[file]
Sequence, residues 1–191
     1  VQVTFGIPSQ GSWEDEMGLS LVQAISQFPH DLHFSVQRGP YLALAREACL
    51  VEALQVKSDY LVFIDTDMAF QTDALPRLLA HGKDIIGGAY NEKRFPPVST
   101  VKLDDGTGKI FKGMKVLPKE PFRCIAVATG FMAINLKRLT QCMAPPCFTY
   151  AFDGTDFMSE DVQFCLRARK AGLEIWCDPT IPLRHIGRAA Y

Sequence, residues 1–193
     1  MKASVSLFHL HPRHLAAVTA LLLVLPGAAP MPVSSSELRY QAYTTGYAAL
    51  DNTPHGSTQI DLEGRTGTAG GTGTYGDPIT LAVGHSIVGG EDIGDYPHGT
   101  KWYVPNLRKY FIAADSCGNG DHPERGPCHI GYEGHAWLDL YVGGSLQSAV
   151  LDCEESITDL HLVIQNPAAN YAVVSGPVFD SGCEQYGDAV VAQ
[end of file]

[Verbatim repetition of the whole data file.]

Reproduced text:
Sequence, residues 1–191
     1  VQVTFGIPSQ GSWEDEMGLS LVQAISQFPH DLHFSVQRGP YLALAREACL
    51  VEALQVKSDY LVFIDTDMAF QTDALPRLLA HGKDIIGGAY NEKRFPPVST
   101  VKLDDGTGKI FKGMKVLPKE PFRCIAVATG FMAINLKRLT QCMAPPCFTY
   151  AFDGTDFMSE DVQFCLRARK AGLEIWCDPT IPLRHIGRAA Y

Sequence, residues 1–193
     1  MKASVSLFHL HPRHLAAVTA LLLVLPGAAP MPVSSSELRY QAYTTGYAAL
    51  DNTPHGSTQI DLEGRTGTAG GTGTYGDPIT LAVGHSIVGG EDIGDYPHGT
   101  KWYVPNLRKY FIAADSCGNG DHPERGPCHI GYEGHAWLDL YVGGSLQSAV
   151  LDCEESITDL HLVIQNPAAN YAVVSGPVFD SGCEQYGDAV VAQ